You are currently browsing the tag archive for the ‘child neurology’ tag.
Witnessing a seizure is a very frightening experience. Parents who witness seizures in children fear for their child’s life. It is extremely traumatic. Even now, as a trained professional, knowing all the steps I could ever need to take care of the problem, I will feel my heart rate climb with a knot in my stomach as adrenaline starts to flood my system to this day.
So it’s not surprising that in the past, seizures were thought to be caused by demonic possession. Many an epileptic in the middle ages were treated with exorcism.
First Published January 15th 2008.
I work up close and personal with disability everyday. When people found I was going into child neurology their first question was often, “why”? I often hear about how it’s too sad or too depressing.
Fellow physicians struggle with the fact that there often isn’t anything we can do to fix severe cerebral palsy or neurodegenerative disease, to name but a few. There is something in our nature that makes us shrink from the deformed and debilitated. Read the rest of this entry »
Di at Doctor and Covenants pointed me to this story, where a brain surgeon was operating to remove a mass from a patient and and ended up finding a foot. The story states that this is either a rare type of tumor called a teratoma or is it a rare case of a twin that remained attached to the patients and was totally enveloped into the skull, a condition called fetus in fetu.
The image is striking, and gives a certain visceral reaction, which is largely why pictures like this make their rounds on the internet. Read the rest of this entry »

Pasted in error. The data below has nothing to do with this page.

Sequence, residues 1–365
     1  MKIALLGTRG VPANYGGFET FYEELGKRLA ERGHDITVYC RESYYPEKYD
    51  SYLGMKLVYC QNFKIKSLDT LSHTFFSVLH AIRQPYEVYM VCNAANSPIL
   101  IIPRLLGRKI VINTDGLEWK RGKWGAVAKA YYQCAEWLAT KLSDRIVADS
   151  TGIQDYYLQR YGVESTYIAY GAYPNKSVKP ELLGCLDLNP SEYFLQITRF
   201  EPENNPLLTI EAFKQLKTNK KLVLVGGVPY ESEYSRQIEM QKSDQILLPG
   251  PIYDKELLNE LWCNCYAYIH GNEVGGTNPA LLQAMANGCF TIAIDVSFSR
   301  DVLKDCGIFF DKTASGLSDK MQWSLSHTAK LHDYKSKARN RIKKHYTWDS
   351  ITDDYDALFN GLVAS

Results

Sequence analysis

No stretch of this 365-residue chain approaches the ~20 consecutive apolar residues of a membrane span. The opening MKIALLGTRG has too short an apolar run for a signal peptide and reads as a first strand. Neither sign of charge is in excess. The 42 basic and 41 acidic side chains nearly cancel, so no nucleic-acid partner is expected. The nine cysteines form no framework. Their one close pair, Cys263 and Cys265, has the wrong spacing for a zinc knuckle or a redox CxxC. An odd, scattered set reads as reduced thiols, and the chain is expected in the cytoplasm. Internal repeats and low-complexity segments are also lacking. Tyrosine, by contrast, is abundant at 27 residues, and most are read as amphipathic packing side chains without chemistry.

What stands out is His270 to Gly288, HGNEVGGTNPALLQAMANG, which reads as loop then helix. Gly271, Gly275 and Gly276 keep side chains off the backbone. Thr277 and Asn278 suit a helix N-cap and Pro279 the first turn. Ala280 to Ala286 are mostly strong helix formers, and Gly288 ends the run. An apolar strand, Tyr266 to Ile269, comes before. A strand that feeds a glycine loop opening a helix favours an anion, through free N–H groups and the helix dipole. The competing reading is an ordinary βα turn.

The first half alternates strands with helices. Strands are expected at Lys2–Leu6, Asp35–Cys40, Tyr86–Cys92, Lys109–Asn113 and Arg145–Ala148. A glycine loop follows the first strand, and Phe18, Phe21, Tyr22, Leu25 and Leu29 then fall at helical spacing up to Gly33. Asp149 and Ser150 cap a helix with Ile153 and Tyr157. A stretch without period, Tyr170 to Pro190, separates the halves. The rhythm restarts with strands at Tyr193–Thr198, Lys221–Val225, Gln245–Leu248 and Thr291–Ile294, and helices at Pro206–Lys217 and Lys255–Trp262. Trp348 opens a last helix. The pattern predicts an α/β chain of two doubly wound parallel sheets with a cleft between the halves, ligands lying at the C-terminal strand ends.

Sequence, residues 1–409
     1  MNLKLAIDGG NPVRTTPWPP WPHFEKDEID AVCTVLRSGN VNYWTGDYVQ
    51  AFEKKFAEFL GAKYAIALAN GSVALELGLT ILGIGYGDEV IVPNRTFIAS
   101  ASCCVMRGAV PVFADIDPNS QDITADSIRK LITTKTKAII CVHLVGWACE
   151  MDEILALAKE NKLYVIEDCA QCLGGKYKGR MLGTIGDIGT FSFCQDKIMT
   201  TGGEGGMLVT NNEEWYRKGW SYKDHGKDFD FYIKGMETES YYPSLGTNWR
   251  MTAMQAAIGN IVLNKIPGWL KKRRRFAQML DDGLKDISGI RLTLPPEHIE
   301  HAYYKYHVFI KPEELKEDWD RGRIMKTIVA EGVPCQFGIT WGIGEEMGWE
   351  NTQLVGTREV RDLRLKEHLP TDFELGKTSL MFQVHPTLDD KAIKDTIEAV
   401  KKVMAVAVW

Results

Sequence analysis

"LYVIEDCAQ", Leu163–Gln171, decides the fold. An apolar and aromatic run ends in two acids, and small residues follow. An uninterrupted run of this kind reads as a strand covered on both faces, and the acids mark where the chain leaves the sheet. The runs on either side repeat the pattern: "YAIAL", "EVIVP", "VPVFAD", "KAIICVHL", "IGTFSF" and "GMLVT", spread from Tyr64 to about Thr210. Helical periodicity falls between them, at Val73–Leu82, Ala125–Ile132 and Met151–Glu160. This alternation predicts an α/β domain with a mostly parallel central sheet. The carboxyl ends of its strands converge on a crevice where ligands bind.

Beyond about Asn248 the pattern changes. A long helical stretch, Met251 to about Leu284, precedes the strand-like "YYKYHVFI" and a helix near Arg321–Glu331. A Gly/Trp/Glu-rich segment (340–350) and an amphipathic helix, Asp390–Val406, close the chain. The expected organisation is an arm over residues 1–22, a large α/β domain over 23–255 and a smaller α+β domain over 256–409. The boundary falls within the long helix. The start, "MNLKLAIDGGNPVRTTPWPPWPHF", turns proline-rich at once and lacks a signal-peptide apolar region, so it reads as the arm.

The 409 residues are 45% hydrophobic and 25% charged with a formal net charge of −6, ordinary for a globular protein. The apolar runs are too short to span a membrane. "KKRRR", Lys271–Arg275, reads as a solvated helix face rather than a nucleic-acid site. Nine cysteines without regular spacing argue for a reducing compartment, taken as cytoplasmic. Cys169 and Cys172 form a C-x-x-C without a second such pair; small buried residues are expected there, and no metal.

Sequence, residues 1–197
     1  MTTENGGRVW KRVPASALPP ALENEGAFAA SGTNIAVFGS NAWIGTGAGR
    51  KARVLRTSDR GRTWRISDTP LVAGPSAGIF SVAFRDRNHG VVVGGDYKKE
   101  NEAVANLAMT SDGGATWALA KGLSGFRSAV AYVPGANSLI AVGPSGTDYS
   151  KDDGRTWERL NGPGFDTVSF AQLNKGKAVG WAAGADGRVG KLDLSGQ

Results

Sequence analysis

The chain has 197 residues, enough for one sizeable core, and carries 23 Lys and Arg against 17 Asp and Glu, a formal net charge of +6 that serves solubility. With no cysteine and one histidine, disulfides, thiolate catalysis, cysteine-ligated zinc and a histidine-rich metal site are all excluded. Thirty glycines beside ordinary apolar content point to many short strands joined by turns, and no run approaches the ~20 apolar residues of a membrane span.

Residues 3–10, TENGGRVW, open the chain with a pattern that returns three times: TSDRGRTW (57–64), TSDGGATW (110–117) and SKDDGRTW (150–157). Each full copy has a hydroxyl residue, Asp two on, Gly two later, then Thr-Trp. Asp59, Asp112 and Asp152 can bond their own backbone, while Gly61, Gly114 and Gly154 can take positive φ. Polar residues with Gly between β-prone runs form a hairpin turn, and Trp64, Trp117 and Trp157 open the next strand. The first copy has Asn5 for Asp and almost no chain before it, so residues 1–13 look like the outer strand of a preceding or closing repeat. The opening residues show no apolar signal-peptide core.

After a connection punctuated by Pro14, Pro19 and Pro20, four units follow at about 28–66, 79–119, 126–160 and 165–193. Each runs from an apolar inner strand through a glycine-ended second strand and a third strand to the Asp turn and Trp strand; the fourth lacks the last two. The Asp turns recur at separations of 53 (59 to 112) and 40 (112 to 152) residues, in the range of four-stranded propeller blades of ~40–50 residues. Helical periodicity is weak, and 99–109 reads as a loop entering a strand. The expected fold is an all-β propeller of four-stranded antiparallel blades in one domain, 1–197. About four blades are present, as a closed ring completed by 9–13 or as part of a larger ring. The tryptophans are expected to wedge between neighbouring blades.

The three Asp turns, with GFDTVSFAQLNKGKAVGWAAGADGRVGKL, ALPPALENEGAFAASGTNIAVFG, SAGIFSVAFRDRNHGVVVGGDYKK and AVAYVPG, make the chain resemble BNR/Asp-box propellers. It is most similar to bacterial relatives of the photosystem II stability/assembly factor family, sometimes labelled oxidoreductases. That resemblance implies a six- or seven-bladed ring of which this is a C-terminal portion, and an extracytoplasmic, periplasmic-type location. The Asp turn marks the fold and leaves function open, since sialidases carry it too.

Medicine for the brain is incredibly complex. Yet, the joke goes around medical circles that Neurologists are admirers of disease, not treater’s of it. This is far less true now than forty years ago, and is rapidly becoming less and less true everyday, but that small kernel of truth does say something about we who are drawn to the field. I really do find the disease processes that affect brain function seriously fascinating.
We learn almost everything we know about the brain from what happens when things go wrong. Genetic diseases become our laboratory, nature the experimenter, allowing us to learn things we would be monsters for trying to recreate in the lab with people. In fact, Nazi physicians are generally hailed as monsters for doing precisely this, reducing the person to lab rat.
His room was a shrine to his own memory, a eulogy for a still living, and breathing child. Pictures adorned the the door and the wall, smiling, vibrant, full of life. This boy last week was a healthy, happy, growing, developing two year old child. Colorful children’s crayon scribblings were placed at strategic intervals to liven up the cold, stark hospital room. Get well cards from extended family are also peppered around the walls. Over his crib, lies a recent portrait, the big smile and engaging eyes standing in stark contrast to the current blank stare. His limbs lay motionless, stiff, rigid, spastic, with toes pointed, betraying signs of a brain ravaged by lack of oxygen. He has been having seizures, with eye fluttering, and facial twitching about multiple times per day despite two anticonvulsant medications. This and breathing are the only spontaneous movements he makes. All this, the result of a single grape.
Choosing on a medical specialty involves learning your own answers to a series of questions?
-Do I enjoy patient interaction or not?
If no, consider Pathology or Radiology
-Do I like surgery and procedures more, or medicine and clinical reasoning, or both?
note- Anesthesia is a procedure and OR specialty, sort of surgery-lite.
Both- Ophthalmology, Orthopedic Surgery (well peds ortho anyway), ENT, Ob-Gyn, and Emergency medicine for procedures
-Do I prefer general, broad knowledge or limiting to one area or system, Primary care or specialist?
This is often a question of knowing a little about a lot, or a lot about a little. However, It also involves whether you prefer relatively healthy patients or relatively sick.
-Do I do I prefer to see kids, adults, or both? (remember you can do almost anything for kids that you can for adults.)
The last question was easy for me. From my point of view, pediatric care is superior to adult medicine in so many ways. Read the rest of this entry »